By Chinmaya Kumar & Abhishek Choudhary
The result of the general elections in Bihar has been to Nitish Kumar’s chagrin: out of 40 seats, the BJP-led NDA won 31 and the RJD-led UPA won seven; Nitish’s JD(U) could summon up barely two (the JD(U) gave two seats to the CPI, both of which they lost). Even in terms of percentage vote shares, the NDA, with 39 per cent of total votes, was far ahead of the UPA’s 29 and the JD (U)’s 16.
Why did the JD(U) do badly despite Nitish’s popularity as Bihar’s “development man”? If efficient governance could fetch the Naveen Patnaik-led BJD 20 out of 21 seats in Odisha, what explains Patnaik’s fellow special category status-demanding, sub-nationalism-evoking chief minister’s extraordinary failure in the neighbouring eastern state?
Caste — as with everything else in Bihar — gives the answer.
We need to begin with June 2013, when Nitish broke the NDA coalition in Bihar over Narendra Modi’s ascension as the BJP’s prime ministerial candidate. The JD(U)’s supporters were a mix of non-Yadav backward castes (Koeris, Kurmis — to which Nitish belongs, and a few others) and a section of Dalits and Muslims; the BJP, on the other hand, relied mostly on the four Hindu upper castes. But since upper castes are less than 15 per cent of the population, the BJP, after the coalition collapsed, was desperate to find partners that could broaden its support base: the BJP formed an alliance with Ramvilas Paswan’s Lok Janshakti Party and Upendra Kushwaha’s Rashtriya Lok Samata Party. The LJP was an insignificant entity and had nothing to offer to any coalition other than, perhaps, a palaver of secularism. But the LJP and the RLSP could transfer a significant number of votes of the sub-castes they represented to the NDA.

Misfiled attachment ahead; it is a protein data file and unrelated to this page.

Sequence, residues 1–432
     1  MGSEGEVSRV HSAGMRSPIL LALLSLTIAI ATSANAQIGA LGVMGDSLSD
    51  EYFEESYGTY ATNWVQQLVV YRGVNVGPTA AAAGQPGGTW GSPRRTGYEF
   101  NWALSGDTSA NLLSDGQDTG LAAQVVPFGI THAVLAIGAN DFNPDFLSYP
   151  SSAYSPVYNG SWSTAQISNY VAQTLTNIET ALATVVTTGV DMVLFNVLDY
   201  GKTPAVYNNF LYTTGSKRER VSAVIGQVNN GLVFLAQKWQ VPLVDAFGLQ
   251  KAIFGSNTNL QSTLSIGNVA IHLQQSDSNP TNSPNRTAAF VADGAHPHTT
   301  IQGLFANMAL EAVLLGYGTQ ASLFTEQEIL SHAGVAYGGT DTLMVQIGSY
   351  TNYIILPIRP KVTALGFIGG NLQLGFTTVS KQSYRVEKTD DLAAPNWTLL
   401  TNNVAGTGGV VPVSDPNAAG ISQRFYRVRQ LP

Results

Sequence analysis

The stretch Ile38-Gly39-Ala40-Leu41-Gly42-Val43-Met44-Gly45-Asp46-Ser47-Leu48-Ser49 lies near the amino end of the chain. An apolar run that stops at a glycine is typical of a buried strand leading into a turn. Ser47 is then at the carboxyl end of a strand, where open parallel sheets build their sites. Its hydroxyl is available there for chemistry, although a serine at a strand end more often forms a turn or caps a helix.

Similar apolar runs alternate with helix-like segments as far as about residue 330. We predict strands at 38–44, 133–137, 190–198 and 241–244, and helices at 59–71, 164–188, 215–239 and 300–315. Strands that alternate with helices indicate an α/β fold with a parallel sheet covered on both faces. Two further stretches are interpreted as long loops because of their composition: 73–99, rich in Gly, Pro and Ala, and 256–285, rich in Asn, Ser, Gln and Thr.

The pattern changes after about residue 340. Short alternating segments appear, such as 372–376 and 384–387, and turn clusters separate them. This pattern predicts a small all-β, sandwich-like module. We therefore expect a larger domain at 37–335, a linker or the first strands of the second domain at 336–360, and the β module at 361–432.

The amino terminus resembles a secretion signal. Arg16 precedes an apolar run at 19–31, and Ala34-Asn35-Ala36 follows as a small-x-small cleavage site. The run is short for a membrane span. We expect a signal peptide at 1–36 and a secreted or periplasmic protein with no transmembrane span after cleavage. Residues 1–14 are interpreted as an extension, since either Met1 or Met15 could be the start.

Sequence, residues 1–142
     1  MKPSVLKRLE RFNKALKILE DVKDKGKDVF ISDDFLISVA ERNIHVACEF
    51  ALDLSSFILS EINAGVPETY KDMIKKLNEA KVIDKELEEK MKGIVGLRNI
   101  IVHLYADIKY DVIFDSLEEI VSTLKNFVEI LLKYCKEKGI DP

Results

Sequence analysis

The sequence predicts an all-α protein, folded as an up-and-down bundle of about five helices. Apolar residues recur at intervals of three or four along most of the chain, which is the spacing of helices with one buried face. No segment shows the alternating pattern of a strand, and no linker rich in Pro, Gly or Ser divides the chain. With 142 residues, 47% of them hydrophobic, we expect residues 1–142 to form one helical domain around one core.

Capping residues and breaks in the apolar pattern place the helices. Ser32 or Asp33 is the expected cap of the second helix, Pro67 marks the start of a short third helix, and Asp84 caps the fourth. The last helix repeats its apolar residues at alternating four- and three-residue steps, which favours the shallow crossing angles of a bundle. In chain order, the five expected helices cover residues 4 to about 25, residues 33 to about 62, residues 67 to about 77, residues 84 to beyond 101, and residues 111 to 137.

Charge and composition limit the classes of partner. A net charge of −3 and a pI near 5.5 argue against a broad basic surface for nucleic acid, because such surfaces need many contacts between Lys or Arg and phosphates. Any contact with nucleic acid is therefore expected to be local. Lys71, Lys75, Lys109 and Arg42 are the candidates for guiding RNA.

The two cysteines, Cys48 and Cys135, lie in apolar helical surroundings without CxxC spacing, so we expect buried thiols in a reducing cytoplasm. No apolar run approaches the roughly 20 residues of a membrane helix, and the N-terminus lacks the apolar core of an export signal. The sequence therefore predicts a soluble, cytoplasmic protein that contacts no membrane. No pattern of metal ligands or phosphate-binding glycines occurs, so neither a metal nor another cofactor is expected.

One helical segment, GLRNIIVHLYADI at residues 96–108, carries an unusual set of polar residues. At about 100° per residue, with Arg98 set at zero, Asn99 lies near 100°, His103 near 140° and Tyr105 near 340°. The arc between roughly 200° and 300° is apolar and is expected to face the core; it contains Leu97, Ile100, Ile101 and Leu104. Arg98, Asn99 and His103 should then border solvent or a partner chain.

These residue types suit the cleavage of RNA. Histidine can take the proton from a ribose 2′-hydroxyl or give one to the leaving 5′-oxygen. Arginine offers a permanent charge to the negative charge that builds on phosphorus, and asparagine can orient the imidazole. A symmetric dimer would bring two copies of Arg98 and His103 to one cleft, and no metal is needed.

The post-poll survey by CSDS suggests that the BJP’s social engineering has paid off: 68 per cent of Dusadhs — the Dalit sub-caste Paswan belongs to — voted for the NDA. The NDA also wooed the Extremely Backward Castes, which constitute around 30 per cent of Bihar’s population and have traditionally voted the JD(U): 53 per cent of them reportedly voted for the NDA. This massive shift in the EBCs’ support to the BJP owes partly to Modi’s backward caste origins that the BJP kept trumpeting during its campaign in the Hindi heartland.
The upper castes, as expected, voted for the BJP en masse. The BJP could successfully build another “coalition of extremes” to their advantage.
Modi’s own persona played a role, too: the BJP’s vigorous campaign to project him as a leader capable of extricating India out of unemployment, inflation, and corruption that the UPA helped create, worked well. A unique combination of caste realignment, the word-of-mouth spreading of Modi’s achievements in Gujarat, and communal polarisation in rural areas has ensured the NDA’s historic victory in Bihar. The CSDS survey shows that a significant percentage of votes across castes went to the NDA: Upper castes: 78; Yadav: 19; Kurmi and Koeri: 26; Lower OBC: 53; Dusadh: 68; Mahadalits: 33. Interestingly, only 2 per cent of Muslims in Bihar voted for the NDA.